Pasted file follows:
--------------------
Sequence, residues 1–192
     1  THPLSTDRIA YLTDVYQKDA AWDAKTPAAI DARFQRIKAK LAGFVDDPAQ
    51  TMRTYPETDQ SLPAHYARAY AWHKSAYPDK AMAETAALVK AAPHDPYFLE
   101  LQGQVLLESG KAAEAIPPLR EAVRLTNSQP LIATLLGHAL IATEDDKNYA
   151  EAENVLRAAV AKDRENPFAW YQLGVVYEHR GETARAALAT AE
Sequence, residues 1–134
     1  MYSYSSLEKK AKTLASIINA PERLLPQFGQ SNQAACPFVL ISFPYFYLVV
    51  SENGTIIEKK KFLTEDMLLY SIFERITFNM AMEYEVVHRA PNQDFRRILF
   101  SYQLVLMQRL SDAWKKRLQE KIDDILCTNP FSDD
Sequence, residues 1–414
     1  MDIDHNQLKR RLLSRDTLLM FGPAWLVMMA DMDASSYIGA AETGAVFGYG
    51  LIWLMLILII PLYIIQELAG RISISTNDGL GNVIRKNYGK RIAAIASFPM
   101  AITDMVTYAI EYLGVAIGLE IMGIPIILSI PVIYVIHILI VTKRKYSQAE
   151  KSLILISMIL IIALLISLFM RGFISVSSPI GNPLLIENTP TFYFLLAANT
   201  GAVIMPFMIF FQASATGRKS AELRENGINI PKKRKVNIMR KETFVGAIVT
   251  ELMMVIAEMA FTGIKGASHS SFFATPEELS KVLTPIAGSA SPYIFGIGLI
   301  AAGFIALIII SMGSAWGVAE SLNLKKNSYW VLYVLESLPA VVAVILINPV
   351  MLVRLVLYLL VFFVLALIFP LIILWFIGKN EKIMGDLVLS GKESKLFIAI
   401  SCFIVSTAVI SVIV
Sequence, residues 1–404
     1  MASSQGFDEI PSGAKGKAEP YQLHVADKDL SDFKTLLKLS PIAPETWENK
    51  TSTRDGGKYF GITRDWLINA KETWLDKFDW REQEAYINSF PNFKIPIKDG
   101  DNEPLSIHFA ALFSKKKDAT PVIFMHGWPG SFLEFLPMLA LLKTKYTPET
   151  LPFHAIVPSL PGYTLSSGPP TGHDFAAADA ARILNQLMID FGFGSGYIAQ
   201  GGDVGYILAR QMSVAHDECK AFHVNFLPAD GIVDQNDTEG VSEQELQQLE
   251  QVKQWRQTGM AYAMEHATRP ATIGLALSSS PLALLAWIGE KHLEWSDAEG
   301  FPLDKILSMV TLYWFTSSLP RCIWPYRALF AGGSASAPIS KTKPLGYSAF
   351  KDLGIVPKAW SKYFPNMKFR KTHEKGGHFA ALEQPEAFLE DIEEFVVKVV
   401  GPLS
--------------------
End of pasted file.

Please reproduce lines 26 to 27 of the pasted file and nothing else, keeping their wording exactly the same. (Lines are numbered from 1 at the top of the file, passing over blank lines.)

   251  QVKQWRQTGM AYAMEHATRP ATIGLALSSS PLALLAWIGE KHLEWSDAEG
   301  FPLDKILSMV TLYWFTSSLP RCIWPYRALF AGGSASAPIS KTKPLGYSAF